This second, revised edition of a pioneering volume, long out of print, presents translations of Japanese Zen poems on sorrow, old age, homesickness, the seasons, the ravages of time, solitude, the scenic beauty of the landscape of Japan, and monastic life. Composed by Japanese Zen monks who lived from the last quarter of the thirteenth century to the middle of the fifteenth century, these poems represent a portion of the best of the writing called in Japanese gozan bungaku, “literature of the five mountains.”
“Five mountains” or “five monasteries” refers to the system by which the Zen monasteries were hierarchically ordered and governed. For the monks in the monasteries, poetry functioned as a means not only of expressing religious convictions and personal feelings but also of communicating with others in a civilized and courteous fashion. Effacing barriers of time and space, the practice of Chinese poetry also made it possible for Japanese authors to feel at one with their Chinese counterparts and the great poets of antiquity. This was a time when Zen as an institution was being established and contact with the Chinese mainland becoming increasingly frequent—ten of the sixteen poets represented here visited China.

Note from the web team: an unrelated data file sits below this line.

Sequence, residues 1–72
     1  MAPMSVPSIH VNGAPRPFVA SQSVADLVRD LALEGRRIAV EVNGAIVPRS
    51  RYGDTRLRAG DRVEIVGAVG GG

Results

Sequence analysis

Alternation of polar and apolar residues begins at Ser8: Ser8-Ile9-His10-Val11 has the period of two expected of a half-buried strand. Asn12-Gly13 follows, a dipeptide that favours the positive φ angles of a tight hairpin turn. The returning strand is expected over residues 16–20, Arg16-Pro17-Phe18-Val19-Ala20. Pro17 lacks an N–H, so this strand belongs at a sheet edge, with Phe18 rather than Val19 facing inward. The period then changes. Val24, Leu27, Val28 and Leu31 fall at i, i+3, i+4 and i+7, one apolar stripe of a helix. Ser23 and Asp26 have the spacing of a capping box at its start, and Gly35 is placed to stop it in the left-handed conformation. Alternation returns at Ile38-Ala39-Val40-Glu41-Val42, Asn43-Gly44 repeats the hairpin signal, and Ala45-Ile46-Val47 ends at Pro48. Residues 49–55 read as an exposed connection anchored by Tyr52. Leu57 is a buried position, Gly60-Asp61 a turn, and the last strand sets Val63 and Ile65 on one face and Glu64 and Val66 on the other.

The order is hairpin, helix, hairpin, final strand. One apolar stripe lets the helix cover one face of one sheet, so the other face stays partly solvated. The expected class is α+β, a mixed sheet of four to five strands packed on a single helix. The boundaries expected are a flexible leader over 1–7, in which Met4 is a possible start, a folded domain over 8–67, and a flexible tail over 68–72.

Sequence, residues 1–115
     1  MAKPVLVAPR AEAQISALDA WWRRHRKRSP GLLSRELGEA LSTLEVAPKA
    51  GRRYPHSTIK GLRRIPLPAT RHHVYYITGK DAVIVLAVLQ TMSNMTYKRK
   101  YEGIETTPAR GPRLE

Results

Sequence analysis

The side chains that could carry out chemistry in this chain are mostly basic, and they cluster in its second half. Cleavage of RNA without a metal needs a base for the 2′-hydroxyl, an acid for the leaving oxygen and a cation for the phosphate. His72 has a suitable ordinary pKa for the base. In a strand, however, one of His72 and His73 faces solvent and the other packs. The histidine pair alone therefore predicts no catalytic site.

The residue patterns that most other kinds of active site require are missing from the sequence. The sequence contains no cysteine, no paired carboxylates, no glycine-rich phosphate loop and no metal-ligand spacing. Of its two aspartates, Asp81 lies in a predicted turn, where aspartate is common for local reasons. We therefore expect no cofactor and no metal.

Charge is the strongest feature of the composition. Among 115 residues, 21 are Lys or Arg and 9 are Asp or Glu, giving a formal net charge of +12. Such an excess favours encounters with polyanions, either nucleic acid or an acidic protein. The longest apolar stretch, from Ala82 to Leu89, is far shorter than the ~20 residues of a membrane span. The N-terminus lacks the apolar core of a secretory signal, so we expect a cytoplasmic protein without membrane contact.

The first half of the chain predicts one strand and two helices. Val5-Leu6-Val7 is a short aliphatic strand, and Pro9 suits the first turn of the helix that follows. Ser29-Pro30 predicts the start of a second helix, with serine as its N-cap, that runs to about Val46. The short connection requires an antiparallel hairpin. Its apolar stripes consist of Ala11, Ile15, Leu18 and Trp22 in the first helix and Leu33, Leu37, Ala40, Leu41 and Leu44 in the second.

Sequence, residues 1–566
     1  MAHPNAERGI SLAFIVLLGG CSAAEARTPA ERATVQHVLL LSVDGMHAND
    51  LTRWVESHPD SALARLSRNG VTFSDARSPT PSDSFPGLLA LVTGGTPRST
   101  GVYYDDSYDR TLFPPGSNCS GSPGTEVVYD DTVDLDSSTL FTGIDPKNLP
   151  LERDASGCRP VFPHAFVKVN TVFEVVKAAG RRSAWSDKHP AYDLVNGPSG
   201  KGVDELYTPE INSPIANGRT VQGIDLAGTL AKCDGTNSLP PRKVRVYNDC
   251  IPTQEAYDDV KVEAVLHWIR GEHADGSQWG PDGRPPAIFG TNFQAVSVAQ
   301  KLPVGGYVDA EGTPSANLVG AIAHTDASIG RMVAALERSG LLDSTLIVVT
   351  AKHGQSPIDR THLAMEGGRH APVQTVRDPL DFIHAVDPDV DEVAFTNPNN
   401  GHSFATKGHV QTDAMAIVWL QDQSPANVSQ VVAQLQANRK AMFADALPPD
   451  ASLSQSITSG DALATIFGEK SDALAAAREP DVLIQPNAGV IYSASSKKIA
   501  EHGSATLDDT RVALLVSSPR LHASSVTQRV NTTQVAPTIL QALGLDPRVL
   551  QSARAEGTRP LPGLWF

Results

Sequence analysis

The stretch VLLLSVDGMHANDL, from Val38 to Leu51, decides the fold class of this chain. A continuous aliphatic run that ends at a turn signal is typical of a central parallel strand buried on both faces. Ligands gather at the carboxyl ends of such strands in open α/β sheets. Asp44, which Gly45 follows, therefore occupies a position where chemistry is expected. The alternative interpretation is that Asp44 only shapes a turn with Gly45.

Marian Ury has provided a short but substantial introduction to the Chinese poetry of Japanese gozan monasteries, and her translations of the poetry are masterful. Poems of the Five Mountains is an important work for anyone interested in Japanese literature, Chinese literature, East Asian Religion, and Zen Buddhism.